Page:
Graduates of this school included most kids who grew up in the country, and at the Goss “academy”, one who went on to no end of fame was the author Wilbur Smith, whose family home in what was then Northern Rhodesia (Zambia) meant he took many of his holidays from Michaelhouse with the Gosses in faraway Pondoland. At the foot of the hill on which the Goss’ trading business was founded by Pat snr in 1916, was a line of stables from whence the youngsters were “broken”, where an exhausted Wilbur was regularly found deep in slumber in a manger after a riding lesson. The mentor was a seasoned old stock-horse called “Blackie”, best known for his own mind and his own way.
The “theatre” was alongside the stable yard, an aged cattle byre (or “kraal”, as most of us know them) built many decades before from the twisted branches of local hardwoods. The timber was ancient, petrified into shapes, almost rocklike, the palisades deeply supported by cow dung laid in layers for generations. There is a reverence to places like this, as there is in any cattle kraal among the Pondos, a fragrant silence when the herd is at pasture, a sense of community and ease when they return in the evening light. This is where the ancestral shades gather, where the cows are milked, where the herd is brought at night, where the drongo calls in praise of the cattle from a vantage near the kraal as the dusk deepens into night. John Slade would know this scene as well as any Pondo or Zulu stockman, as would Liz these days.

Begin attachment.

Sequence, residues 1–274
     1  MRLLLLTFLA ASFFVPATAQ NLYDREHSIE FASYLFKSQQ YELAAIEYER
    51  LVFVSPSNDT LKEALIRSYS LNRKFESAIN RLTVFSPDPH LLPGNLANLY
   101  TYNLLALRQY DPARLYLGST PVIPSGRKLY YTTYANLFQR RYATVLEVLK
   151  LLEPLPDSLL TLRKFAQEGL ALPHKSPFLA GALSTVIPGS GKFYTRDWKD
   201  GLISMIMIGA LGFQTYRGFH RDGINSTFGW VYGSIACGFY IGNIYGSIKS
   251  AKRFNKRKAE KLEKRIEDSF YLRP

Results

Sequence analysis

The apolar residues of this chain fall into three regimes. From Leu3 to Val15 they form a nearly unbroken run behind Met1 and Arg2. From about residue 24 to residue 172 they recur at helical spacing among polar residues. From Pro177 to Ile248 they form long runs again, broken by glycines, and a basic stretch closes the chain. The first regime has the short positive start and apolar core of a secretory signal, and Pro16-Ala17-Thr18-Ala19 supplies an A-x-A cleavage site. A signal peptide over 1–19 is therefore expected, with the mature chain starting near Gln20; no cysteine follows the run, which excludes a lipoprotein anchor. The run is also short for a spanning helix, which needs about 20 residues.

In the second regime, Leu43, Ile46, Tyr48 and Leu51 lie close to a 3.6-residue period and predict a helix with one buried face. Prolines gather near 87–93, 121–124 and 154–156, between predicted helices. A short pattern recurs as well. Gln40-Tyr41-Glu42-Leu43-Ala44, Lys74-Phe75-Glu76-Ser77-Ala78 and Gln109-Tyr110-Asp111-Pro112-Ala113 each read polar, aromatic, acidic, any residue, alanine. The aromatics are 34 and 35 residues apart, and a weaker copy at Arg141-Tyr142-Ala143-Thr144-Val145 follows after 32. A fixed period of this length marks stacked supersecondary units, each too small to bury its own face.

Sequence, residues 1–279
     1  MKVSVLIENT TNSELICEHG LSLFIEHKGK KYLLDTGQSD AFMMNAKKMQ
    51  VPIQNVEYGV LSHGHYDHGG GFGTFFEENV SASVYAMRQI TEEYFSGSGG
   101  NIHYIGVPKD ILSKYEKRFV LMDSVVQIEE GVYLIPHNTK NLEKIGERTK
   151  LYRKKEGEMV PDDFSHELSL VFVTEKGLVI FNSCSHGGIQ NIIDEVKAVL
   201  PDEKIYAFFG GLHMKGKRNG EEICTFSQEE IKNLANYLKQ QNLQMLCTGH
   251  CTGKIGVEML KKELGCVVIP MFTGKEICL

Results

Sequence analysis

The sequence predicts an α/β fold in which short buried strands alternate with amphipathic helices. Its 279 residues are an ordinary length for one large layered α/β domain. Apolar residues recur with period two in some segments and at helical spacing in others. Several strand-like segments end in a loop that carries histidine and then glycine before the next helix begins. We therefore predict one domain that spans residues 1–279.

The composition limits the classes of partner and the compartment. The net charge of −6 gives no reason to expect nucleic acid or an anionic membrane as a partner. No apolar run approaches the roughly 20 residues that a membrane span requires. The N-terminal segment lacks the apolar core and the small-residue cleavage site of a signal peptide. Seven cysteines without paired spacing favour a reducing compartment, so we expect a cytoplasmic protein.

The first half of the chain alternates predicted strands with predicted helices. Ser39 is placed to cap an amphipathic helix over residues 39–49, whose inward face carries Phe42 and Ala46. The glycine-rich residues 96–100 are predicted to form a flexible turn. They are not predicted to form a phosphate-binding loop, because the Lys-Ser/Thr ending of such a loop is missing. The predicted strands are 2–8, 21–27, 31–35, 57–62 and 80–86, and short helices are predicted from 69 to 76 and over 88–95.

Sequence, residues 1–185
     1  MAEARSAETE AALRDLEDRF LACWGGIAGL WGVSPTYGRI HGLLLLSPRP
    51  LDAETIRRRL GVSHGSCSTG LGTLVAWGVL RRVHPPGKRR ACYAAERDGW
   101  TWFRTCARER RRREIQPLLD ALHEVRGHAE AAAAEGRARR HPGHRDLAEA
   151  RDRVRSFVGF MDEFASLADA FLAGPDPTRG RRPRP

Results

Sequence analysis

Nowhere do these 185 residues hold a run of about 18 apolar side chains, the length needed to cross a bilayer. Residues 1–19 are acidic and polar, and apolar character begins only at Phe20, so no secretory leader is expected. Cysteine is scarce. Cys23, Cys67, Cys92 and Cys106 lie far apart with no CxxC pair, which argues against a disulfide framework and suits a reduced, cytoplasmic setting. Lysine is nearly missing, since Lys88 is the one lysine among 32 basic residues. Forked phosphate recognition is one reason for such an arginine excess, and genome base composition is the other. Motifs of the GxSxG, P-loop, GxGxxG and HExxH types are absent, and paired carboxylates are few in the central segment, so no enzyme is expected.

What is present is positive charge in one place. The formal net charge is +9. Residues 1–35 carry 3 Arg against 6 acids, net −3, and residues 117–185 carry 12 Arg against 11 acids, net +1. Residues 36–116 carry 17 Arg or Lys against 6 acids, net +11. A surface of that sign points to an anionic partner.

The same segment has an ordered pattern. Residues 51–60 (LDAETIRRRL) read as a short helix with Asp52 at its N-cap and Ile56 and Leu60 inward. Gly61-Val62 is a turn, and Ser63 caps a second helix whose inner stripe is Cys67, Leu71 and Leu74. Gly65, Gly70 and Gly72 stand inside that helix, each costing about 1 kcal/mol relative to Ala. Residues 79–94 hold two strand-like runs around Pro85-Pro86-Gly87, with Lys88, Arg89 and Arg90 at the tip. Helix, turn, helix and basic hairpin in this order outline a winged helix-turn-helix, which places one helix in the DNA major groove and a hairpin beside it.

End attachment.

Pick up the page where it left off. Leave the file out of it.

It is in the shadow of such places that something of spiritual and aesthetic significance of the cattle of the Pondo and Zulu people becomes evident. And in the talk of men, proud to discuss their animals, their strength, virility, productivity, calving ability, quirks, their humours and dispositions, there is a subject of never-ending nuance and meaning. Where traditions still hold sway, as it does in these parts of the world, cattle and horses are companions in every respect of daily life. Patient intermediaries between the living and the dead. This symbiotic relationship has made man’s connectivity with the beast as intimate as it gets, affectionate and reverent.
Throughout the ages, the well-being of the Nguni herd and the well-being of men, have been so closely connected that their cattle and their animals have become a part of the spiritual lives of whole communities. This perception of their cattle in particular has given rise to a poetic and complex naming process. Yet, it is only in experiencing the calling of the names of the cattle that this rich tradition, taken from the colours and appearances of each, is fully appreciated: this beast is “the eggs of the toppie”; (“maqanda wekwebhula”); that one “mafukufuku” (“the golden mole”); here is “amafa” (the clouds of heaven) and that dusty dun is “impofu” (“the eland”). To watch a parade of such animals, in all their variety of colour and horn shape, is to share the wellspring of admiration that has moved generation after generation of herders throughout Africa.
We talk of these things, because sometimes we sense that in the modern world, there are those out there that suspect the “animalian” in many of us who live for our animals, and in certain respects, they are right: we’ve been known to remark that horse people are as often than not, dysfunctional human beings who prefer the company of their horses more than they do their own kind. The roots are deep, and it’s an affliction bordering on illness. For which, as you’ve also heard us say before, there is no known vaccine.